Monday, April 14, 2008

Conference Highlights

Just got back from the Open Theology and Science conference held April 10-12, 2008 at Asuza Pacific University.

It was quite a fun conference. My wife and baby daughter accompanied me, and we all had a good time. Baby Janelle was a big hit with the other participants. Unfortunately, one of the presenters, Bill Hasker, was not able to make the conference due to the whole airline grounding fiasco.

The conference opened with a plenary session by Francis Collins, head of the human genome project. He had a lot of good things to say about the integration of religion and science and even closed his talk by whipping out his acoustic guitar and leading the audience (about 300 people) in signing a hymn, "God of Faith and Learning".

I have two points of critique regarding what Collins said. First, he conflates the notion of common descent (for which he gave some rather impressive evidence) with naturalistic evolution, the idea that the historical process of descent that has given rise to the "tree of life" has involved no non-natural causes. The evidence for the latter thesis is scant and much less impressive. Second, his criticism of Intelligent Design invoked the standard “cooption” response to Behe's irreducible complexity argument. What Collins does not seem to realize is that this response in not even close to being a refutation of ID. That the bacterial flagellum “might” have been cobbled together from existing molecular components does not show that such a scenario is even remotely plausible.

The following morning, things got underway with a devotional from local pastor T. Scott Daniels of the Pasadena Nazarene Church (he called it "Paz Naz" for short). His talk was entitled "Waiting for the Church to Open". He told of a homeless woman who, despite the assistance they've tried to give her, always waits outside for the doors of the church to open so. When they do, she partakes of the free coffee and refreshments inside and attends the service. Daniels related this to the position of many open theists, who often feel rather "homeless" in the modern American church scene. Often suspected (wrongly, I submit) of heresy, some have found themselves booted out of or ostracized from the fellowship of other Christians. The analogy certainly resonated with a number of people at the conference, myself included.

I'll spare a detailed recounting of each of the presentations I heard. All of them were interesting, and everyone at the conference was exceeding nice. One thing I particularly enjoyed was the opportunity to hang out with the likes of Robin Collins, Dean Zimmerman, Greg Boyd, and Patrick Todd (a grad student at UC Riverside whom I've interacted with by email but had never met face-to-face).

My own presentation on "The Fourfold Openness of the Future" went quite well. I had a good discussion with the above-mentioned folks, as well as Alan Padgett. I've still got to iron out some kinks in my argument. When I get in polished a bit, I'll post it here.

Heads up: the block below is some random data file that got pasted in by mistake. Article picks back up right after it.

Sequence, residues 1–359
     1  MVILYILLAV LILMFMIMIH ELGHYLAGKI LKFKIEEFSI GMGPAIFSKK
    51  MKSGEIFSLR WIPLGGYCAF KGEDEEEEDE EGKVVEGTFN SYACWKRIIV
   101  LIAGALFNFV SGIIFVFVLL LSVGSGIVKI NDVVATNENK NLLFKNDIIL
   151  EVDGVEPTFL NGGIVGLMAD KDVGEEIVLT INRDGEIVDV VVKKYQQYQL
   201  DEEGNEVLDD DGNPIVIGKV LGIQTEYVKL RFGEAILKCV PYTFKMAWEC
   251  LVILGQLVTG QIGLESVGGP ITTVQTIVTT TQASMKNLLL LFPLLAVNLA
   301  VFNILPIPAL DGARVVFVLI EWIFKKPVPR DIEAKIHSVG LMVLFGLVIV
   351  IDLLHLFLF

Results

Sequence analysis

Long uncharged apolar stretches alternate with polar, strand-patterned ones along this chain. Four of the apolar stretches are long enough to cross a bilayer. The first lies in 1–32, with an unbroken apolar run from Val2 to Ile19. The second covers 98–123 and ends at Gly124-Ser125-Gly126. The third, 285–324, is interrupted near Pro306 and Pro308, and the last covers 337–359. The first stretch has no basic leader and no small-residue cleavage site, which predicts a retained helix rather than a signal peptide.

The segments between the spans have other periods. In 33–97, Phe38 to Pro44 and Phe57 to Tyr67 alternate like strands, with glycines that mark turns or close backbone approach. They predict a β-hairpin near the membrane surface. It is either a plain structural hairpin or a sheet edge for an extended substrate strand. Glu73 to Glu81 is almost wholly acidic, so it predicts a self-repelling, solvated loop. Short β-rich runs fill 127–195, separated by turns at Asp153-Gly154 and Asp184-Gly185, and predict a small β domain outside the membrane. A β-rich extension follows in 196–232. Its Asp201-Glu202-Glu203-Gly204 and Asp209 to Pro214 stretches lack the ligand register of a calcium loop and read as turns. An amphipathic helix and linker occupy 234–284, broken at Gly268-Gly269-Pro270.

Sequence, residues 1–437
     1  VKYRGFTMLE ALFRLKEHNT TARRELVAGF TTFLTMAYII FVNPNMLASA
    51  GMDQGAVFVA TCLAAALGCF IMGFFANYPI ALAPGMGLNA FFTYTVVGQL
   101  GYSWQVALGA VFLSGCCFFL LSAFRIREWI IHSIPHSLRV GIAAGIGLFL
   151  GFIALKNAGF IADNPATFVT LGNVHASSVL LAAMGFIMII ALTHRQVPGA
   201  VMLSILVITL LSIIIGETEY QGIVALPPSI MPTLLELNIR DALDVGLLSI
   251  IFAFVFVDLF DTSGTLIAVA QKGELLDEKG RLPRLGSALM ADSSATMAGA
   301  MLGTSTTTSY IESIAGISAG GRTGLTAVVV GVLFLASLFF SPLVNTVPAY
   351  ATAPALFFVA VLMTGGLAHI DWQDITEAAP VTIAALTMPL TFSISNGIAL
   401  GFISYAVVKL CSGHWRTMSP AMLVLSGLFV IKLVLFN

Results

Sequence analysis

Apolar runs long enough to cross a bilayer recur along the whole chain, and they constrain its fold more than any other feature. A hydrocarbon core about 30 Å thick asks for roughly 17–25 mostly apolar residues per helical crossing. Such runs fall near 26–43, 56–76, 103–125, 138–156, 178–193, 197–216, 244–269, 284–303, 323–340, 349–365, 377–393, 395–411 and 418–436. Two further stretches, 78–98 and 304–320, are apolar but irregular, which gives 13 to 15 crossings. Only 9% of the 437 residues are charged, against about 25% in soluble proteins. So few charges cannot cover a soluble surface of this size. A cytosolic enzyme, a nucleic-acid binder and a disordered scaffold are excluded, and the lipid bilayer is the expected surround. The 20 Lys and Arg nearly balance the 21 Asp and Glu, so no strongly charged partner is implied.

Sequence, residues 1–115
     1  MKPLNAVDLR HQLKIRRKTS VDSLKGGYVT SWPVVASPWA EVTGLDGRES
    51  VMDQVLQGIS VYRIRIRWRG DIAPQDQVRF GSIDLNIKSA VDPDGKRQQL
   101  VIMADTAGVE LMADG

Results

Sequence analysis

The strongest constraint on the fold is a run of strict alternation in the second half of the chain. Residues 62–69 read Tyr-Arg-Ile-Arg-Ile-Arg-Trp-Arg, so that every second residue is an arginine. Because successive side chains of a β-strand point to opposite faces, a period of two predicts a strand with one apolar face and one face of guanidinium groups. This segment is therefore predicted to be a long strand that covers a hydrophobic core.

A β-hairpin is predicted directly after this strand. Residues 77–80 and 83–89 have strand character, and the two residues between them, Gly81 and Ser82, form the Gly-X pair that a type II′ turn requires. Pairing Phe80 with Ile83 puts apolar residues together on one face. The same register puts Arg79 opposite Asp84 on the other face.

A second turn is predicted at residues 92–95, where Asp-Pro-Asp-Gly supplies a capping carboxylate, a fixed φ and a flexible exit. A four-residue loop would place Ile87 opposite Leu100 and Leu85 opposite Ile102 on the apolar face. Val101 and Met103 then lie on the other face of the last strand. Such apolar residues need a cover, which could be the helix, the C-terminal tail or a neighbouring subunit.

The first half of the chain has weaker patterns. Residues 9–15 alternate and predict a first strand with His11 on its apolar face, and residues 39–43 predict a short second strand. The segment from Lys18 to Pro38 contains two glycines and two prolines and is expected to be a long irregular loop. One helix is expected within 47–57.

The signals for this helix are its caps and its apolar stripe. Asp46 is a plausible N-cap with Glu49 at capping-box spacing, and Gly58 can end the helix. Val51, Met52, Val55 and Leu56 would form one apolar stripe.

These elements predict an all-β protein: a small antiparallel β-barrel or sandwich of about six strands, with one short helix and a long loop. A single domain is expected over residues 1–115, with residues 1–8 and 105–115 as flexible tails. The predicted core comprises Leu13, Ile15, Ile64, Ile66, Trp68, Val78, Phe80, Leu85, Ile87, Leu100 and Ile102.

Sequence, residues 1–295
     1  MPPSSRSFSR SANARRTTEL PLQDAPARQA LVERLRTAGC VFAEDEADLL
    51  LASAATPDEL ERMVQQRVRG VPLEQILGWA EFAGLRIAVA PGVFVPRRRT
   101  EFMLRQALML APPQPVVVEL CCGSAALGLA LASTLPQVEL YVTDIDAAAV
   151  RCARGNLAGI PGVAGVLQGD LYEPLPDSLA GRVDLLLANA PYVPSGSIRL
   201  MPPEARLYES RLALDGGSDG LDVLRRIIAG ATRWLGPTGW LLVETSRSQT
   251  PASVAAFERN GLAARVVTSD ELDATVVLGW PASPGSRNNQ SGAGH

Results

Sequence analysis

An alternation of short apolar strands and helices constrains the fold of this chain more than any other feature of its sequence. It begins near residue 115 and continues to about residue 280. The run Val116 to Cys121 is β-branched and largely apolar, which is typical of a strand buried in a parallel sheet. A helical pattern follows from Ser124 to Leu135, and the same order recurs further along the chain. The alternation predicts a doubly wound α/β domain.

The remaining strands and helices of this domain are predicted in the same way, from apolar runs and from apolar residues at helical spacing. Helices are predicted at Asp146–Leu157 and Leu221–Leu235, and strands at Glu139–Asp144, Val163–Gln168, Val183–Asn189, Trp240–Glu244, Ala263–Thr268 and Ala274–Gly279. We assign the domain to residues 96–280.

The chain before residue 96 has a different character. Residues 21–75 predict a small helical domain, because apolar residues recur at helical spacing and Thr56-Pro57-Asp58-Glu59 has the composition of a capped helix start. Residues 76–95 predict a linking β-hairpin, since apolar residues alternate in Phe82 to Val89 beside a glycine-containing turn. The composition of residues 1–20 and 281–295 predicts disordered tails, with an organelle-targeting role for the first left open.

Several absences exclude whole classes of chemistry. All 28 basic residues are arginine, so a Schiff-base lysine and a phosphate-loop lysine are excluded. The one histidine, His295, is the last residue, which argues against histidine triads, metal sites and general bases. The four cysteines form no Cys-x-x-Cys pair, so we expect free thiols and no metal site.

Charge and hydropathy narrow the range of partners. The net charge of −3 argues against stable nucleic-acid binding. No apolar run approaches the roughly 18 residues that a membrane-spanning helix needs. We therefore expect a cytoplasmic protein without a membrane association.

The final evening all of us involved with the conference went over to Karen Winslow's house (she's an Old Testament scholar at Azusa Pacific) where we ate dinner and hung out discussing things like the problem of evil, the metaphysics of time, and South Park until late in the evening. Sunday morning, my wife and I went to the Winslow's church (Karen's husband, Dale, pastors a Free Methodist church a couple blocks from Azusa Pacific). I had never been to a Free Methodist service before. It was nice. The people there were very friendly.

Wednesday, April 09, 2008

Open Theology and Science

The next four days I'll be at an "Open Theology and Science" conference at Azusa Pacific University in California.

While there, I'll be reading a paper entitled "The Fourfold Openness of the Future" in which I distinguish between four different ways in which the future may be thought of as "open" - causal, ontic, alethic, and epistemic - and argue that if the future is causally open (i.e., universal determinism is false) then it has to be open in the other three respects as well. If this is right, then the options for theists reduce to two: (1) theological determinism, according to which the future is open in none of those four respects, or (2) a version of open theism according to which the future is open in all of those four respects.

I'll also be participating in a Q&A panel in which I'll be briefly (2-3 minutes) responding to a recent criticism of open theism by Jonathan Kvanvig.

Wednesday, April 02, 2008

Baby at 3 Months

A couple weeks ago, right around Easter, my daughter Janelle had her first quarter-birthday. Here are four of my favorite pictures. (click to enlarge)

Proud Father
Porcelain Doll
Wide EyedSay What?

Notre Dame, Here We Come

A couple weeks ago I was offered a one-year postdoc position at the University of Notre Dame's Center for the Philosophy of Religion. It's a great opportunity that my wife and I are both excited about. While there, I'll be working on a book project. Tentatively entitled "The Openness of the Future and the Openness of God", it's going to be a philosophical defense of open theism. Basically, I'm aiming to do for open theism what Tom Flint, the director of the Center, has done for Molinism, one of open theism's main competitors in the intellectual marketplace of philosophical theology.